A summary of some recent noteworthy district-level decisions applying and interpreting Facebook follows.
U.S. District Court Judge J. Paul Oetken in the Southern District of New York held that a Telephone Consumer Protection Act plaintiff sufficiently alleged facts in order to survive a motion to dismiss on his prerecorded call and Do Not Call Registry claims.
The National Association of Attorneys General shared a commitment to work collaboratively with the Federal Communication Commission in a new letter signed by 41 attorneys general.
The first lawsuits have already been filed pursuant to Florida’s recently amended telemarketing laws, which were updated as of July 1 to provide for expanded liability.
Bringing the law into the 21st century, the New York legislature has updated the state’s telemarketing statute to add text messaging.
Two different federal appellate panels recently reached diverging conclusions on the question of whether a single phone call or a single text provides a sufficient injury in fact for an individual to establish standing to sue under the Telephone Consumer Protection Act.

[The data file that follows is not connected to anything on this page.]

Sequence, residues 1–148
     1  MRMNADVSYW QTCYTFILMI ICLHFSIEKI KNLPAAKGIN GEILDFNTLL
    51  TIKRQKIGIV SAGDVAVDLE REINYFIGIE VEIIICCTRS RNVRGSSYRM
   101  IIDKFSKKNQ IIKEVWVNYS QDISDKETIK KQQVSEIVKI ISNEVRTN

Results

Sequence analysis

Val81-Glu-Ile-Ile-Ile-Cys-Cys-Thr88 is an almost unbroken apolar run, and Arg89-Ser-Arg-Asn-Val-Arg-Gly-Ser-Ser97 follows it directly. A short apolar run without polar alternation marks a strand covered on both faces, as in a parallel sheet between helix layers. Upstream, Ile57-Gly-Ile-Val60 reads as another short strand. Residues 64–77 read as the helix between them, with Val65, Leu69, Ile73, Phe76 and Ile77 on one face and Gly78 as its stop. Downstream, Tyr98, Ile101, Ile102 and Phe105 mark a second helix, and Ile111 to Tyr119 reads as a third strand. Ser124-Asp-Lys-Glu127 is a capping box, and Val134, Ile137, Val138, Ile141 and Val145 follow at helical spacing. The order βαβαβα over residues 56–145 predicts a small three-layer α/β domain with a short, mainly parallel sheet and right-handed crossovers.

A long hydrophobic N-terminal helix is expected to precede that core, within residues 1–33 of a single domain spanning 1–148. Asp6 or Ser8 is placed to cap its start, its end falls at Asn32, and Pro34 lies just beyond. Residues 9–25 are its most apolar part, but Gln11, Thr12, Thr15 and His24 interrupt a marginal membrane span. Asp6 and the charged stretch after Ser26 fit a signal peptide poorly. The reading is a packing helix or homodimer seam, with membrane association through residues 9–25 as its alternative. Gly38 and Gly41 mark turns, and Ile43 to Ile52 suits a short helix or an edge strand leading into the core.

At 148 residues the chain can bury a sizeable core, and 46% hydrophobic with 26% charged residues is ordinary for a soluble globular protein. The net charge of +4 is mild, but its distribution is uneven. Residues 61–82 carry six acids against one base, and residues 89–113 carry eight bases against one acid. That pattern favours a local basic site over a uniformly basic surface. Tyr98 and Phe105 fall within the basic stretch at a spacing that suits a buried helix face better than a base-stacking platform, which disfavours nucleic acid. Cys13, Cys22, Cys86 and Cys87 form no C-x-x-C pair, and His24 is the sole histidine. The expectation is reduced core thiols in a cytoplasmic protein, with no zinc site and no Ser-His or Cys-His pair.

Granting dismissal of a Telephone Consumer Protection Act suit against a health insurance company, a Tennessee federal court determined that the company was neither directly nor vicariously liable for the calls received by the plaintiff.
Applying the Supreme Court’s recent decision in Facebook v. Duguid, a North Carolina federal court dismissed a Telephone Consumer Protection Act suit, finding that the plaintiff failed to sufficiently allege the defendant used an automatic telephone dialing system.
On June 29, 2021, Florida Governor Ron DeSantis signed CS for SB 1120 into law, which amends and significantly expands Florida’s existing telemarketing laws.
Finding that a defendant failed to carry the burden to establish federal subject matter jurisdiction as the removing party, a U.S. district court in Florida granted a TCPA plaintiff’s motion to remand her suit to state court.